04 Aug Sheep rustling rise could threaten human health as rural crime increases during coronavirus pandemic | UK News
Sheep rustling is rising during the coronavirus pandemic and could create a threat to human health if the meat is sold on the black market, a leading agricultural insurer has warned.
Numbers of animals stolen increased almost 15% year-on-year in April, figures from NFU Mutual have shown.
The company, which insures around three-quarters of the UK’s farmers, puts the cost of livestock theft at £3m.
Rebecca Davidson, from NFU Mutual, said: “Ten years ago, we’d rarely get more than a dozen sheep stolen in one go.
“There are fears this meat could be entering the black market, so it has a huge impact on our farmers who work to very high welfare standards.
“The animals they’ve reared have gone, it has an impact on breeding programmes, the welfare of the animals themselves.
“Also we’re worried about the threat to human health as well because these animals could be slaughtered in unhygienic conditions.”
The rise is part of a wider spike in rural crime in every region and nation in the UK last year as criminal gangs targeted expensive tractors, quad bikes and large numbers of livestock, the firm’s claims data shows.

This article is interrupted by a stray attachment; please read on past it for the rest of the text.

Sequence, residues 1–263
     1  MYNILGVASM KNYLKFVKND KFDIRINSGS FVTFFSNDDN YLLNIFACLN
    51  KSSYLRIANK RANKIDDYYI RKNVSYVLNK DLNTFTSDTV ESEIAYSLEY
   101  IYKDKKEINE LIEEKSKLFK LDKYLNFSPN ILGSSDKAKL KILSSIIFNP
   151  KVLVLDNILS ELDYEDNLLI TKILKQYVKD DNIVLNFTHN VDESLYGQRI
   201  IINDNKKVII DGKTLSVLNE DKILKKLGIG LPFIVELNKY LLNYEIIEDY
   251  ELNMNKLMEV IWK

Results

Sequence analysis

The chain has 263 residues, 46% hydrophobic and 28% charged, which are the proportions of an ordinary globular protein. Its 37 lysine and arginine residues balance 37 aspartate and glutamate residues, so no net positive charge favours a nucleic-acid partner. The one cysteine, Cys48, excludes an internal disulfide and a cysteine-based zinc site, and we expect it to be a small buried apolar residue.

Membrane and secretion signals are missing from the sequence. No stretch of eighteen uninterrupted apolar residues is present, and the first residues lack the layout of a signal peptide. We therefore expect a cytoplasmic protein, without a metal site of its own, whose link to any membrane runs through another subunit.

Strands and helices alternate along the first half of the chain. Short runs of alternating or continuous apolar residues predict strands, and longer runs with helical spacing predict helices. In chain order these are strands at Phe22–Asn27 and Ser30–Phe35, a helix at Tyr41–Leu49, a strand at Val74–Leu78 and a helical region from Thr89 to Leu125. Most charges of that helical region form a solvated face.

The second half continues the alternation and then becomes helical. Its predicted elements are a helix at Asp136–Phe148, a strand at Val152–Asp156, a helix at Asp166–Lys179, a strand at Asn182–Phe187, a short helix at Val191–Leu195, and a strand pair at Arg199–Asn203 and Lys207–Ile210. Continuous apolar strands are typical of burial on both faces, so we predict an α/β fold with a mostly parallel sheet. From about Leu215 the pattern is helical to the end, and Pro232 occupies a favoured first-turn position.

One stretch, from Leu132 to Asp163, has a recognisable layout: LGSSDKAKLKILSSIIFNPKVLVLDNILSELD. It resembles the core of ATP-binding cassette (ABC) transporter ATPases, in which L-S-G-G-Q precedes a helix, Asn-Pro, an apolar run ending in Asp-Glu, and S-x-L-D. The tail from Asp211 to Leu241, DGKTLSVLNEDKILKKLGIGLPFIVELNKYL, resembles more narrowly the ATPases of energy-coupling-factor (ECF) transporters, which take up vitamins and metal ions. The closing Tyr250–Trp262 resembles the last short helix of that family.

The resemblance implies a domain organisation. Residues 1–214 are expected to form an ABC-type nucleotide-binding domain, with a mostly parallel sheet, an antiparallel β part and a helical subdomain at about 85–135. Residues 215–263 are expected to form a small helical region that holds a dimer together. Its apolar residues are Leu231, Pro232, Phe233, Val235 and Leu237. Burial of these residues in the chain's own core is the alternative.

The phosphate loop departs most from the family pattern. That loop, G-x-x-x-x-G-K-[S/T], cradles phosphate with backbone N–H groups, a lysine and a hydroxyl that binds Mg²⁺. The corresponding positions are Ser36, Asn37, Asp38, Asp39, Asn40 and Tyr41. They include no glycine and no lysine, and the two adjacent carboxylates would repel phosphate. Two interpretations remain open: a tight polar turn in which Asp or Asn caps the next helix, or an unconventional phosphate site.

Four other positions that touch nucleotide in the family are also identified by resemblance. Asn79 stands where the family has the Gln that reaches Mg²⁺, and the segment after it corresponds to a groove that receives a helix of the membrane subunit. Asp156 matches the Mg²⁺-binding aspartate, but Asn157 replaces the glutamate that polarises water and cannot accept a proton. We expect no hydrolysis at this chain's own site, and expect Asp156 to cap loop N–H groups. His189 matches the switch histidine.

NFU Mutual’s report revealed the total cost of rural crime rose almost 9% in 12 months to £54 million last year – its highest level for eight years.
The surge has partly been driven by the theft of tractor GPS equipment typically costing between £8,000 and £10,000, “a highly prized item on the shopping lists of rural thieves,” the company said.
The biggest percentage increase was seen in Scotland (44%), although its rural crime cost remains below the UK average.
Northern Ireland suffered the second-highest regional rise of 18%, followed by the east of England (16.9%).
Rising crime is “a huge worry” for farmers, Ms Davidson said, because there’s also a human impact.
“There’s a business interruption, but also a tremendous amount of anxiety for the rest of the family, because farms aren’t just places of work, they’re family homes as well”.
And theft isn’t the only problem farmers are facing as lockdown has seen an “influx” of walkers on their land, and not all have been respecting the countryside.
“Dogs have been let off leads in fields full of livestock. That has a huge cost to farmers because dogs can attack and kill sheep,” Ms Davidson said.